A     I was geeky, boring and hardworking, determined to get my marks up to get into law school. I didn’t think of any other law school other than Melbourne University. I loved school, I loved university. I loved being in Ormond – I was lucky to be there when Davis McCaughey was the Master. It was a golden period and a subsequent gold period was under Rufus Black who’s only just retired as Master of Ormond - I said to Rufus he was like the Second Coming. But Davis was a remarkable figure – he went on to be the first moderator of the Uniting Church of Australia – he really was at the forefront of its establishment - then the Governor of Victoria, and fathered remarkable children who’ve done many things in this state and internationally. I feel blessed to have been there when Jean and Davis were in charge. Jean, who died five or six years ago, was an equally remarkable person. She sat on the Henderson Poverty inquiry all those years ago. They were a very remarkable couple and had a profound impact on Victorian and Australian society, and gathered together a really remarkable group of young people.

Q    You were one of them?

A     Well, I don’t know about that….. I made great friends at Ormond (College) and many of those people are still my friends today – people like Hilary Charlesworth, and Sarah Stephen.  Some really interesting people.

Q    Were you a debating type of boy?

A     I did debating at school and at Ormond. Yes, we won the debating competition at Ormond by default because the opposing team, Trinity didn’t turn up – they forgot the night. The people at Trinity thought that they were far superior to us, and they probably were, but we won the debate. I’d forgotten all about that until you asked the question.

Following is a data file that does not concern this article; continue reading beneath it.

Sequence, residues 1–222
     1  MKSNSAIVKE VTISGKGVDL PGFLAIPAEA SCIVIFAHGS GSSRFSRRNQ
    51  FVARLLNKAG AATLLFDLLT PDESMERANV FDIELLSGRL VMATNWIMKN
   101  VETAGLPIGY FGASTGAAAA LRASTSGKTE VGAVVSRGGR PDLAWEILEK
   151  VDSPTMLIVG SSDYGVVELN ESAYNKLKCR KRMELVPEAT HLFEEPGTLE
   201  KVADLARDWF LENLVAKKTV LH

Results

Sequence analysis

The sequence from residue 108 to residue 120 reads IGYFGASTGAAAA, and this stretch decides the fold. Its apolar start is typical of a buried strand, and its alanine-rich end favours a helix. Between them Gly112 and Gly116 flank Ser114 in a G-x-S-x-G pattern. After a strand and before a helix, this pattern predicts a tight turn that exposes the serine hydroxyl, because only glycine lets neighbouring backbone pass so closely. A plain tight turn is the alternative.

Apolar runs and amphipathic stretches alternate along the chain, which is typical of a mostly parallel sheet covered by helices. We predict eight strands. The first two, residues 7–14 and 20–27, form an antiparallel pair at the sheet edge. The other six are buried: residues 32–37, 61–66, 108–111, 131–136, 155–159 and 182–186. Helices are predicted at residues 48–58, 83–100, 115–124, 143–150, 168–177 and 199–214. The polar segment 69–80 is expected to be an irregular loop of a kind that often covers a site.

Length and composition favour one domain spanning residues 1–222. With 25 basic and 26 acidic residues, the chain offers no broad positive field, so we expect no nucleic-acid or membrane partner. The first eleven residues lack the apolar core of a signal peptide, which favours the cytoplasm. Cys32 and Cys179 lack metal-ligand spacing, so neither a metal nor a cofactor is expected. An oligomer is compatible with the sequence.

Q    Out of interest, were you the first speaker or the summing up speaker when you did debates? What was your strength?

A     I think I was the summing up person.

Q    You mentioned Hilary Charlesworth before – (she is) very eminent in the legal profession –

A     Who’s only recently come back to the University of Melbourne law school.

Q    Did she give signs even then of an august career?

A     Oh, she was a remarkable person and you had a sense of that, and so too, Sarah (Stephen) who’s a leading public servant here in Victoria.  Great policymaker. There were many others: Jacquie Healey who’s one of the great art historians and has a big role at the University of Melbourne, Frank Parry, Mary-Jane Crabtree who’s a very senior partner at Allen’s and about to become chairman of Epworth Hospital – a remarkable group of men and women.

Q    Davis McCaughey is like a statesman, I suppose.  Were you influenced by his approach?